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Alameda Point Infrastructure Upgrades to Cost $650 million

Alameda Point infrastructure upgrades are estimated to cost $650 million, excluding public benefits such as a sports complex and public library, according to a City of Alameda presentation delivered to the public via webinar on May 18th. The presentation is included in the meeting packet for next Wednesday’s Alameda Reuse and Redevelopment Authority, which oversees conversion of the former naval base to civilian use.

The presentation was intended to convey to the public the basic financial mechanics of base conversion; the first part of the presentation included an explanation of a financial pro forma for large redevelopment projects.

The second part of the presentation broke down the infrastructure costs, based on the 2003 General Plan Amendment that called for 2,000 housing units and 2.3 million square feet of commercial space. The City estimates that site preparation and flood protection would cost $120 million and $170 million respectively. A sanitary sewer system would cost another $55 million.

The total estimate, including these three components, plus others such as parks and open space, dry utilities such as electricity and gas, comes to $650 million. Beyond that, there could be as much as $65 million in additional costs for the planned sports complex, rehabilitated sea plane lagoon, a marina and a library. The full presentation is reproduced below.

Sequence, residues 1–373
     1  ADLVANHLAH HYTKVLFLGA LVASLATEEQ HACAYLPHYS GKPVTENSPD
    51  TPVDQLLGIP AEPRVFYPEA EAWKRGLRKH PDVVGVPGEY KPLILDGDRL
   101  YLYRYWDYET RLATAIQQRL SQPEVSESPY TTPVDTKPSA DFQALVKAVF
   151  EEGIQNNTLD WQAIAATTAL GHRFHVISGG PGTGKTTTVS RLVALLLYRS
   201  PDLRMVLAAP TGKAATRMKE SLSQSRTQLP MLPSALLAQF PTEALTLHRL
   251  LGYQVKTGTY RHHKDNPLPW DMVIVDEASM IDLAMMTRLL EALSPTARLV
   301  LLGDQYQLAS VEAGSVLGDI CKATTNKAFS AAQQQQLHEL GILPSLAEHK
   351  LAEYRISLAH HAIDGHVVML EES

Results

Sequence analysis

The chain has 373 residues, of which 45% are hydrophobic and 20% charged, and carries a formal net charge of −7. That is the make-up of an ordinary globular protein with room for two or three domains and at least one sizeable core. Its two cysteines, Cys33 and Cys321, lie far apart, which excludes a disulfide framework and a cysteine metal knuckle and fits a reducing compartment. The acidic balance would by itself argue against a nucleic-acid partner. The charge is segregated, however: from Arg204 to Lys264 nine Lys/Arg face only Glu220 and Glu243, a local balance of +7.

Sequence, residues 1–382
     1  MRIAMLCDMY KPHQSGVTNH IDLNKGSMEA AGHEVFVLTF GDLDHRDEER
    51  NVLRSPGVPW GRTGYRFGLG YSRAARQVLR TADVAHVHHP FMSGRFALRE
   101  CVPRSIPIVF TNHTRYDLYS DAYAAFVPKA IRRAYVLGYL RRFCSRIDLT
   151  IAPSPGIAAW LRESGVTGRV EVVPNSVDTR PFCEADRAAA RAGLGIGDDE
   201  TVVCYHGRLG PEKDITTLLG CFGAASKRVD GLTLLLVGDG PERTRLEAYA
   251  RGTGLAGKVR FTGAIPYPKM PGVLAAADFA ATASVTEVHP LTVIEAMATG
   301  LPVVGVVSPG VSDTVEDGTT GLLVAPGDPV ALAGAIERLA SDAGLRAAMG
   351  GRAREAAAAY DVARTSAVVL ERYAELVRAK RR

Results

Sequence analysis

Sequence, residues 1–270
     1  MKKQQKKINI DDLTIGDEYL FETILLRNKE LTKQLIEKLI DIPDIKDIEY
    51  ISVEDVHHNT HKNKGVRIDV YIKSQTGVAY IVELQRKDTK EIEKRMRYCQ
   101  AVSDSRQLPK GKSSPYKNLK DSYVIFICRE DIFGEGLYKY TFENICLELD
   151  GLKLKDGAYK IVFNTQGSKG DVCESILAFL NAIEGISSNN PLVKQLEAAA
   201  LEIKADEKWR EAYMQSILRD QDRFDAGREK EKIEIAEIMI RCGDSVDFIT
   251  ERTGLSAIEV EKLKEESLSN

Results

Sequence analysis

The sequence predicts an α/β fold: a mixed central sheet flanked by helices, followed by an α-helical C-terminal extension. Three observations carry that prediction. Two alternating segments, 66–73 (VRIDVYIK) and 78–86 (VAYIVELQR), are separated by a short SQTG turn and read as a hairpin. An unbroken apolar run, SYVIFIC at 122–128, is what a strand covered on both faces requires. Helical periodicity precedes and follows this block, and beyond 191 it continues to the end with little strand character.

On Jun 14th, from 6:30p.m. to 8:30p.m. there will be another City-organized forum, called “Sustainability Planning for Alameda Point” at the Albert H. DeWitt O Club at 641 West Redline Road, Alameda.

May 18 Webinar Alameda Point Infrastructure

1 comment to Alameda Point Infrastructure Upgrades to Cost $650 million

  • alameda vigilante

    Last night, May 26, 2011, @ Mastick Senior Center, transportation consultants hired by the City of Alameda staff, Nelson Nygaard, gave a presentation on how to plan for the anticipated transportation problems caused by the estimated 7000 new residents @ Alameda Point. It was not clear who told Nelson Nygaard to plan for this number. While the study cost an estimated $50K, & was based on the total population of Alameda (about 75K), including that of Bay Farm Island, it did not consider transit to & from BFI. That is, traffic patterns to & from the main island were forecast as if all the BFI residents were living on the main island.